The Office of Consumer and Business Education, within the FTC's Bureau of Consumer Protection, has recently released a Holiday Shopping Alert entitled: "Computers for Next to Nothing: What's the Deal?" The alert provides information about ads for computers that are supposedly "free" or cost next to nothing. According to the FTC, there are some important facts to keep in mind when considering one of these offers. Perhaps most important, consumers should find out the total, up-front cost of the computer and determine if a rebate is involved. If one is, it is essential to also determine whether you are required to sign up for a long-term Internet service contract, and do the math to see if it will cost more than you will get back through the rebate. Second, the alert cautions consumers that most rebates must be mailed in to the manufacturer and then returned by mail. That is, you often must pay the entire cost of the computer up front and then wait up to 12 weeks for the rebate to arrive.
The alert also contains several questions consumers should consider before signing up for Internet service, such as: Do you have to sign up for Internet service and for how long?; What's the total cost of the Internet service contract?; and Will you have to pay long distance charges to access the Internet. Once such questions have been answered, FTC officials say, consumers will know whether the conditions of the particular offer "suit their needs and their wallet."
For more information about seemingly low-cost computer offers and rebates, contact Michael Dershowitz, Bureau of Consumer Protection, 202-326-3158; or call the FTC toll-free at 1-877-FTC-HELP or go to www.ftc.gov.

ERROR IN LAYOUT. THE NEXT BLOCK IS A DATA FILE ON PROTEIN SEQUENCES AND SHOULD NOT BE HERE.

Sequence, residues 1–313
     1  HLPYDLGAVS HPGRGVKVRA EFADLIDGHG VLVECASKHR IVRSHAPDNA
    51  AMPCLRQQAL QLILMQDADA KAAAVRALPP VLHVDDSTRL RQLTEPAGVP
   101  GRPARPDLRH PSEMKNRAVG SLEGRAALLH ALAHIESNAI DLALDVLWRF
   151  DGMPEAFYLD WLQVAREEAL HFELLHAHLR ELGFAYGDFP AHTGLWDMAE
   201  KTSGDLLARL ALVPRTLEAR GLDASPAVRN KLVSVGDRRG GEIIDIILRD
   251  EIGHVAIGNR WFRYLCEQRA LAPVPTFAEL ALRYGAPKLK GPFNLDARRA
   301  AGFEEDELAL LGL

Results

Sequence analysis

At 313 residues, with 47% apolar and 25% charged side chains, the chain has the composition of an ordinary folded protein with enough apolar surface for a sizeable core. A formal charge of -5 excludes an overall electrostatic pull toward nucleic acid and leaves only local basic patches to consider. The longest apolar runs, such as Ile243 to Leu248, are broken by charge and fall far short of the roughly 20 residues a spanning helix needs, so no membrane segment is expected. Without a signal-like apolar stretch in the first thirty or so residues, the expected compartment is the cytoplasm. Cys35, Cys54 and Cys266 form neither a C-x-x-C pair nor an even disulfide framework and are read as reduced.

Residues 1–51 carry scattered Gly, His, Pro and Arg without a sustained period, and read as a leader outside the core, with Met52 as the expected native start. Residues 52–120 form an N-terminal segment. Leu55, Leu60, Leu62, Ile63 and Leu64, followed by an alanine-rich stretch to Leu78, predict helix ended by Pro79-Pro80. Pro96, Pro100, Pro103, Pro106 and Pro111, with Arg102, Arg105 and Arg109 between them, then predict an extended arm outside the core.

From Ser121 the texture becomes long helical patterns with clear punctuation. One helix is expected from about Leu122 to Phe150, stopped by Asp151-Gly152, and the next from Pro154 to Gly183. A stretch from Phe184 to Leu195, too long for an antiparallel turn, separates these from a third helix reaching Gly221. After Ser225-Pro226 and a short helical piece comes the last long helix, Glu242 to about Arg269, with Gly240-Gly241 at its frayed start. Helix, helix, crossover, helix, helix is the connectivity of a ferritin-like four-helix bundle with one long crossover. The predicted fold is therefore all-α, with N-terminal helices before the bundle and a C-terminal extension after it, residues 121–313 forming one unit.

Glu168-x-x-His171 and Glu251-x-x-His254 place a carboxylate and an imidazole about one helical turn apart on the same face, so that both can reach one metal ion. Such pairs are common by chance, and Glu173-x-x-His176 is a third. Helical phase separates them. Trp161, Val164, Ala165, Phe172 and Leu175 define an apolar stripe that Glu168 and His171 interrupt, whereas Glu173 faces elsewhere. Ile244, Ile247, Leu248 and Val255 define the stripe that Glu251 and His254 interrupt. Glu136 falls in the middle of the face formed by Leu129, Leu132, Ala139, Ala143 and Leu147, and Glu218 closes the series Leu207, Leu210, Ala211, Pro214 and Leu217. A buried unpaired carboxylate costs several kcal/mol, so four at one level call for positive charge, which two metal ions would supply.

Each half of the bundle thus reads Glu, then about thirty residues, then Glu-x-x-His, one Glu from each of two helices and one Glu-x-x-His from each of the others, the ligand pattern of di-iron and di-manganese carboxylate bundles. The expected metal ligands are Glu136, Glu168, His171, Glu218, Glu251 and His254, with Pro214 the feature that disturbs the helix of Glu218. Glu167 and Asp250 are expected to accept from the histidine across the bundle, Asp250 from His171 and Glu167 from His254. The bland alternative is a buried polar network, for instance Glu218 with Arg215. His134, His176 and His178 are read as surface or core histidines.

Following a public comment period, the Commission has made final a consent agreement with the following: WebTV Networks, Inc. The Commission vote to finalize the consent order was 5-0. (File No. 972-3162; staff contacts are Joel Winston or Dean Forbes, Bureau of Consumer Protection, 202-326-3153 or 202-326-2831; see press release dated October 25, 2000.)
Copies of the documents mentioned in this release are available from the FTC's Web site at http://www.ftc.gov and also from the FTC's Consumer Response Center, Room 130, 600 Pennsylvania Avenue, N.W., Washington, D.C. 20580. The FTC works for the consumer to prevent fraudulent, deceptive and unfair business practices in the marketplace and to provide information to help consumers spot, stop and avoid them. To file a complaint, or to get free information on any of 150 consumer topics, call toll-free, 1-877-FTC-HELP (1-877-382-4357), or use the complaint form at https://www.ftc.gov/ftc/complaint.htm. The FTC enters Internet, telemarketing and other fraud-related complaints into Consumer Sentinel, a secure, online database available to hundreds of civil and criminal law enforcement agencies worldwide.
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